105.CHATWIN, Bruce. The Songlines. Franklin Center: Franklin Library, 1986. The correct first American edition, published by the Franklin Library for subscribers as part of their Signed First Editions series. An attractively designed book, in black leather stamped in brown and gold, in a pattern suggestive of the Australian aborigines' "songlines" that give the book its title. With a special introduction for this edition, which does not appear anywhere else. Signed by the author. Chatwin's signature is uncommon; reclusive while alive, he died three years after the publication of this book, at the age of 49. Fine.

106.CHILD, Lee. Tripwire. NY: Putnam (1999). The author's third crime novel. His first, Killing Floor, won both the Anthony and Barry Awards, for best first mystery of the year. Signed by the author. Fine in a fine dust jacket.

107.COEL, Margaret. The Ghost Walker. NY: Berkley Prime Crime (1996). The second of the author's well-received mysteries set in the contemporary West among the Arapaho Indians. Signed by the author and dated two months prior to publication. Fine in a fine dust jacket.

108.COETZEE, J.M. Life & Times of Michael K. NY: Viking (1984). The first American edition of this Booker Prize-winning novel by the South African author of Waiting for the Barbarians, among others. Signed by the author in 1992. We have seen very few books signed by Coetzee turn up over the years. Fine in a near fine dust jacket.

109.CONNELL, Evan S., Jr. Mr. Bridge. NY: Knopf, 1969. The companion volume to his first novel, Mrs. Bridge, published a decade earlier. Together, the two novels were the basis for a well-received television miniseries. Signed by the author. Tiny foredge nick to first few pages, else fine in a near fine, price-clipped dust jacket.

110.CONRAD, Joseph. Youth and Two Other Stories. Edinburgh and London: William Blackwood, 1902. The first edition of this volume, which collects Conrad's classic novella, Heart of Darkness, for the first time. Basis for a made-for-TV movie as well as providing the basic story line and overall structure for Francis Ford Coppola's Vietnam epic, Apocalypse Now. Offsetting to endpages; hinges starting; sunning to spine cloth and some wear to the spine extremities; a very good copy, lacking the dust jacket. With the ownership signature of author Laura E. Richards, who won the Pulitzer Prize for her biography of her mother, Julia Ward Howe. An important book; one of Connolly's 100 key volumes of the Modern Movement and on most lists of the top 100 books of the century.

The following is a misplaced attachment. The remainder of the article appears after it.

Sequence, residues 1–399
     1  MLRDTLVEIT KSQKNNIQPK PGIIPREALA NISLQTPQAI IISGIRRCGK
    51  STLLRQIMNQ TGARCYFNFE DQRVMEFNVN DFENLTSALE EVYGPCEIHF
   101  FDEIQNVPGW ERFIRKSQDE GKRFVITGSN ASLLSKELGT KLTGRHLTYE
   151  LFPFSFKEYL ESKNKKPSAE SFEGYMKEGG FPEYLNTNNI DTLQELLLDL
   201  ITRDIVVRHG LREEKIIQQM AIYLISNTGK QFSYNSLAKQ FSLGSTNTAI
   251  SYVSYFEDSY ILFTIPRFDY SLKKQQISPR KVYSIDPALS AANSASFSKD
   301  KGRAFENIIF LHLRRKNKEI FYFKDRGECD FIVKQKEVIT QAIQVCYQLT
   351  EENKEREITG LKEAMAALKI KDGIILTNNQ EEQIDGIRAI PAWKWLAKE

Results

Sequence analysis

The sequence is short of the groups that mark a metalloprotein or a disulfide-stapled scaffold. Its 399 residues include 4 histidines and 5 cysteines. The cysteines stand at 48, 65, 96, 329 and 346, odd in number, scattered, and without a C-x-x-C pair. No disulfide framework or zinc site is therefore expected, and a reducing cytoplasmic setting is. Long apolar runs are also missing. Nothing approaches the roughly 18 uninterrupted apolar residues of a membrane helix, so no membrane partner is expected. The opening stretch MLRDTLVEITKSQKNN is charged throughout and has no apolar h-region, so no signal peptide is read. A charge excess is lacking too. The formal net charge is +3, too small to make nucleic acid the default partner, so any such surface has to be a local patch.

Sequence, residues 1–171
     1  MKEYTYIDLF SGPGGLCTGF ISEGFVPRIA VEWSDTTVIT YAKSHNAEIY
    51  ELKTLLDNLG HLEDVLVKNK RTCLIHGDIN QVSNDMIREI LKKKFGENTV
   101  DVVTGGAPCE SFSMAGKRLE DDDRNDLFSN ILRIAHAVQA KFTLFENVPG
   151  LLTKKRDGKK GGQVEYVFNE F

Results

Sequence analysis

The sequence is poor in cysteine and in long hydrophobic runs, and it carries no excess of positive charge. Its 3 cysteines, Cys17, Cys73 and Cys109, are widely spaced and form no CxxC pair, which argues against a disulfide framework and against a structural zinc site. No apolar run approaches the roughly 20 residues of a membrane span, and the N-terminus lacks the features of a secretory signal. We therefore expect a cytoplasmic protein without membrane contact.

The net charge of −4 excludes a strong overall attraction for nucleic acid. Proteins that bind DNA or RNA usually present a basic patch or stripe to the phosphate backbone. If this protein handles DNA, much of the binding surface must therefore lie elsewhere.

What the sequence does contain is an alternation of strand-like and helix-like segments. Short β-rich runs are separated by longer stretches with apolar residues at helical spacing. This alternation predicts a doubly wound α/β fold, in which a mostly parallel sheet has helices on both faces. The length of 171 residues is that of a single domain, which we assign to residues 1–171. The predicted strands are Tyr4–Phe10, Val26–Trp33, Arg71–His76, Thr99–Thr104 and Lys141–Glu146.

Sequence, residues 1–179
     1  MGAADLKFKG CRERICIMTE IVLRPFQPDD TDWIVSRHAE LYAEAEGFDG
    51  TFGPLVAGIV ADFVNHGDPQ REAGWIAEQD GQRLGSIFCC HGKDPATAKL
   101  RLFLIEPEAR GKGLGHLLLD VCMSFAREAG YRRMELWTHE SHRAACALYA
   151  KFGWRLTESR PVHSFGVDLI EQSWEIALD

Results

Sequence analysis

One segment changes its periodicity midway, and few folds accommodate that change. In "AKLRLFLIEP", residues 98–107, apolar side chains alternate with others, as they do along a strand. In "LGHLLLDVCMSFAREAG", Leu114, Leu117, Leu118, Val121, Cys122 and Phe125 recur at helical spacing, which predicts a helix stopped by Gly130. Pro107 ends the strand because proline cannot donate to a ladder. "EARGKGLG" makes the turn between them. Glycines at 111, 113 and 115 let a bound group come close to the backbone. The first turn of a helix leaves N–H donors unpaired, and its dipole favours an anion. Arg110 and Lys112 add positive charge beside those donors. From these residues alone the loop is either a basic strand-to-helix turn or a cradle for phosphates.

111.CROWLEY, Aleister. 777. London: Walter Scott, 1909. A book of mystical "correspondences," associating the symbols and codes of various mystical traditions with one another, in an attempt to develop a systematic "alphabet" of the occult, as Crowley explains in his introduction. One of 500 copies, this copy with the bookplate and marginal notes of Israel Regardie, secretary to Crowley and master of the Golden Dawn. Regardie, who died in 1985, was considered the last living Adept of the Order of the Golden Dawn, which Crowley had been associated with at the time this book was published. Foxing throughout; a very good copy, without dust jacket. The subscriber card for "The Equinox" that serves as the final page is nearly detached, but present. A remarkable association copy of one of the important volumes in the history of 20th century occult studies.

112.CUMMINGS, E.E. XLI Poems. NY: Dial Press, 1925. An early collection of poems by one of the best-loved American poets of the century. Signed by the author in pencil: "and this, too!/ eec." Pages uncut, spine-darkened, with light wear at the spine extremities; still near fine, without dust jacket, apparently as issued.

113.CUNNINGHAM, Michael. A Home at the End of the World. NY: FSG (1990). The second book by the Pulitzer Prize-winning author of The Hours. Signed by the author. Fine in a fine dust jacket.